Nevertheless, with this as its central conflict, "The Longest Ride" devolves into an unintentional chuckle-fest where miscast actors and under-written characters bump uglies with blatantly contrived "romantic complications" that wouldn't even past muster on "The Young and the Restless"--a soap opera where a determined gal once impregnated herself with a gentleman's stolen sperm only to discover, nine months later, that she had swiped the wrong sperm and instead of having mega-tycoon Victor Newman's baby, as she intended, she birthed his arch-rival Jack Abbott's tot instead. D'oh!
Now, if you experienced whiplash at the end of Nicholas Sparks' movie "Safe Haven", gird your loins, because "The Longest Ride" has a dilly of an ending, too. Needless to say, it involves the death of a beloved old codger (guess who!); the showing of a personal art collection at an invitation-only event; Sophia being hired to help organize the wing-ding; and Luke unexpectedly showing up and buying a picture called "A Portrait of Ruth"--which was painted by David, the child Ira and Ruth had tried to adopt while he was stuck in a group home. How did Ira become the owner of this painting? Well, David's wife gives it to Ira many years later when she read about Ruth's passing in the newspaper. Turns out David never forgot Ruth or that she told him "he could be anything he wanted to be"--so he grew up and became a physics professor and lectured in England. That's how Ira came into possession of "A Portrait of Ruth".
But, wait, there's still more: by purchasing "A Portrait of Ruth", Luke is given the entire collection which was owned by Ira and Ruth and which includes pieces by Monet, Renoir, Andy Warhol, guys like that. How is Luke allowed to do this? Because Ira's will stipulated that the person who bought "A Portrait of Ruth" would get the whole kit and caboodle because they would understand a young child's picture of his beloved late wife just as valuable--perhaps even more so-- anything from a grand master. And because Luke is now the owner of an art collection worth zillions, well, he can sell one of pieces he doesn't like and save the family farm! Oh, I did I forget to mention that Luke's family is in need of being saved? It is, which is why Luke keeps on bull riding, despite his injuries, so he can save the family farm.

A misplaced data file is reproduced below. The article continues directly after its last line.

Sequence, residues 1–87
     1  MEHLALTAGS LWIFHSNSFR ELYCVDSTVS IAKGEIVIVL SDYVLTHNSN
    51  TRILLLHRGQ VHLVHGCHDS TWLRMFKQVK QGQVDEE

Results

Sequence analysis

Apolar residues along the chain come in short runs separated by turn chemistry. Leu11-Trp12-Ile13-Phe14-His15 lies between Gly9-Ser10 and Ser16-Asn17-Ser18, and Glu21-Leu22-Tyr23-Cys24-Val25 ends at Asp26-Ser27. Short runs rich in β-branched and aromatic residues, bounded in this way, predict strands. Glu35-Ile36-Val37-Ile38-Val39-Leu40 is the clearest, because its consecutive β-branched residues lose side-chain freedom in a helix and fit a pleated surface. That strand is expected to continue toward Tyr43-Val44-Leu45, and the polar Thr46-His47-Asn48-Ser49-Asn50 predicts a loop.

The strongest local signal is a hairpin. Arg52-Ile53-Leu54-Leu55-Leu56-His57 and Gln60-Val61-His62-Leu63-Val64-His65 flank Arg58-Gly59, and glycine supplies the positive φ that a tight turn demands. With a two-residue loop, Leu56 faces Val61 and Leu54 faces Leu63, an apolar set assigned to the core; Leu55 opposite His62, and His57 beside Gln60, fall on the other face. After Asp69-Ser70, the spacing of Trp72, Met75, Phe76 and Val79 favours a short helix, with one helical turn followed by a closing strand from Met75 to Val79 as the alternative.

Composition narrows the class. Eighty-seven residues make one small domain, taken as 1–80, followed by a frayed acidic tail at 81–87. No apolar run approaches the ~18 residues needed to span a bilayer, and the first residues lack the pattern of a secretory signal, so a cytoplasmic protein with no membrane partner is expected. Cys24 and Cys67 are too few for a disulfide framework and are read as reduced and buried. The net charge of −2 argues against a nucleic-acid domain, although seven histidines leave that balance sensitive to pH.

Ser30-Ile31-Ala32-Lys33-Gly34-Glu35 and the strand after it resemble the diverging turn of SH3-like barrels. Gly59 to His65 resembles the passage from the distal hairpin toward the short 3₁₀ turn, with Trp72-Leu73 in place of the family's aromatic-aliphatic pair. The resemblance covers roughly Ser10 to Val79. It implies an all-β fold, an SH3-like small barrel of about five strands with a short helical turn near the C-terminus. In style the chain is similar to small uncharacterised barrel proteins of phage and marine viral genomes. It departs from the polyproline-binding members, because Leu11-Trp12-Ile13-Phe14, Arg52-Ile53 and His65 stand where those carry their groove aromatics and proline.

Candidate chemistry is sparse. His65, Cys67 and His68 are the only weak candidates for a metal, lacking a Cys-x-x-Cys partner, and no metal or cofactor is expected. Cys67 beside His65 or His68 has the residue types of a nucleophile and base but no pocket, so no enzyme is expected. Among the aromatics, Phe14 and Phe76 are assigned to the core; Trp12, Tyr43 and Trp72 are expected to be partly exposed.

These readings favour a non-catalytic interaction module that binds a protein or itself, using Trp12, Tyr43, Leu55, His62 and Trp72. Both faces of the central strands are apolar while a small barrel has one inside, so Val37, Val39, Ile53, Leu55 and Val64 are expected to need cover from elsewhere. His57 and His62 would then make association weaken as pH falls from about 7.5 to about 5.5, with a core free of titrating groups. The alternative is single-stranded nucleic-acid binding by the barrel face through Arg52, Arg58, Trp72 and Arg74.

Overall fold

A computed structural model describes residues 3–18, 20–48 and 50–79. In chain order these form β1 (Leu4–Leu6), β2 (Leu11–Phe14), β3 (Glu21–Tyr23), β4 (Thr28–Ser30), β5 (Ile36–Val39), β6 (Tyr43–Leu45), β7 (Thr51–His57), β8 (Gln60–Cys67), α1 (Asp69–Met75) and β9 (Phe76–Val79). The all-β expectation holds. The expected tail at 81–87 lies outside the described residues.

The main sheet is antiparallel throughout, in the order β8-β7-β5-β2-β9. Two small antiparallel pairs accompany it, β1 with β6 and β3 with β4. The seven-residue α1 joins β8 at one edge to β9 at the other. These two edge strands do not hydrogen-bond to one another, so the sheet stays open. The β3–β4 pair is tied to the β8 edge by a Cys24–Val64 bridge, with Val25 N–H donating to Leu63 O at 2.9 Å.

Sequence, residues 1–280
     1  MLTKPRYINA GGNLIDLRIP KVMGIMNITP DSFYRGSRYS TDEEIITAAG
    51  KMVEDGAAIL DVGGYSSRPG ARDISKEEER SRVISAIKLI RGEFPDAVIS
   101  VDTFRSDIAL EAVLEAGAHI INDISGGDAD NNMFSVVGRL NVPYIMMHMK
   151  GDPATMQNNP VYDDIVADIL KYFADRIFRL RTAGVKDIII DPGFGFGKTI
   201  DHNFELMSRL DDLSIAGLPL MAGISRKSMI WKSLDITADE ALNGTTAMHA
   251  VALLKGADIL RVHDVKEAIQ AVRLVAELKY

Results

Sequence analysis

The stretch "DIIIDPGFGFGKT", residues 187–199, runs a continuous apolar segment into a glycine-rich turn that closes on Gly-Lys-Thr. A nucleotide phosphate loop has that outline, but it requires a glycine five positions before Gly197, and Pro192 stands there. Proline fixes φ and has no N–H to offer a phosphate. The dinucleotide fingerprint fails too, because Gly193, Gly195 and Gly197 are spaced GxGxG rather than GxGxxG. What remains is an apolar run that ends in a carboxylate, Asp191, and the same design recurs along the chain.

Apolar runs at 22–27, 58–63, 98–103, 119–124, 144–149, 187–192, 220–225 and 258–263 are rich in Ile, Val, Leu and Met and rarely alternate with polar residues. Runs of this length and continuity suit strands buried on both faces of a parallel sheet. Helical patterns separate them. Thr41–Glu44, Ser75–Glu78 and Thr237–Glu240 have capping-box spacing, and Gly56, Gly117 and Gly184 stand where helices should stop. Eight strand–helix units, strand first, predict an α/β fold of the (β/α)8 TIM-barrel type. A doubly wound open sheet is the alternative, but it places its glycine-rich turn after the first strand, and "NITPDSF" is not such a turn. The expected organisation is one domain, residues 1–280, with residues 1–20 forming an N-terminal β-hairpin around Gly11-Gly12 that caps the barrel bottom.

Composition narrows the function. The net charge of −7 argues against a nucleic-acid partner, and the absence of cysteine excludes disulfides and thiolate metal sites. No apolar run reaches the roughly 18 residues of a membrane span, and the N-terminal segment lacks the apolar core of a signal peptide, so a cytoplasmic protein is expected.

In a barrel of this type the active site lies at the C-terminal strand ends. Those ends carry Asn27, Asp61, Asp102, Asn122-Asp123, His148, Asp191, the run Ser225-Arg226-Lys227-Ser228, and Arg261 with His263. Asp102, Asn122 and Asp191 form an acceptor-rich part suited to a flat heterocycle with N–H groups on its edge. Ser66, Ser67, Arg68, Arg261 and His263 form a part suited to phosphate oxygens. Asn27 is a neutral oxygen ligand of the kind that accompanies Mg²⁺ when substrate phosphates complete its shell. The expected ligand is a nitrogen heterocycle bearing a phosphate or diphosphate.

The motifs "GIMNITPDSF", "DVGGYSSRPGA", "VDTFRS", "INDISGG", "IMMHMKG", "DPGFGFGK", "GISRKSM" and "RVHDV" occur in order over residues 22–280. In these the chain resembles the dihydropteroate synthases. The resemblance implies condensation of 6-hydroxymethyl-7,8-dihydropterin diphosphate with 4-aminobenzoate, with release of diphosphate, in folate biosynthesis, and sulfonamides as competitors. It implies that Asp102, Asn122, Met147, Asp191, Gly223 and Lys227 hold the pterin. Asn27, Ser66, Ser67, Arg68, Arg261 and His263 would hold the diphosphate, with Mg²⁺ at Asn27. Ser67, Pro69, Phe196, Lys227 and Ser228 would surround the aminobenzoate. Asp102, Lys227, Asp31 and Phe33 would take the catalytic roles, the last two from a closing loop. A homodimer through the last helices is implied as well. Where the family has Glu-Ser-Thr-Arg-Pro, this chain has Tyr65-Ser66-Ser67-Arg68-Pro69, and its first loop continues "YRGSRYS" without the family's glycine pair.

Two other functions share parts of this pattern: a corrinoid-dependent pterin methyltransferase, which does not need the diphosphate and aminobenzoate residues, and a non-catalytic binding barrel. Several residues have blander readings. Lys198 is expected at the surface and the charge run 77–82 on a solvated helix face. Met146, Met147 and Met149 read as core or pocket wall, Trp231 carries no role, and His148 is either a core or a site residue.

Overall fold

With family farm saved, we next see the reunited Luke and Sophia, they are doing the ultimate Nicholas Sparksian thing, which is swimming in their underwear. All's well that ends well, wouldn't you say?
Not quite. See, while watching "The Longest Ride", I couldn't help thinking that Nicholas Sparks was having trouble pulling this one off. Frankly, you know a movie is in trouble when the smitten kittens are forced to play a "sexy" scene where she hops on his practice bull and he, um, "rocks" it back and forth to simulate the motion of a bucking bronco while you know damn well this is meant to be a precursor to their upcoming sex scene. You also know your movie is in trouble when the cranky old person is played by Alan Alda, the ultimate '70's sensitive guy. Alda is a fine actor, but he's about as cranky as Mr. B Natural. Robertson and Eastwood are attractive people, but as actors they have no chemistry. It's also interesting to note that "The Longest Ride" may be one of the few movies in recent history where the male half of the equation is treated more as eye candy than the female half. Scott Eastwood is more than up to the challenge of playing a hunky guy, but I'm sure he has greater aspirations for himself than just being scenery.
Therefore, if you choose to partake of "The Longest Ride", don't blame me if you end of saddle sore.
So, until next time, remember that art is a subjective matter, and help me SAVE THE MOVIES!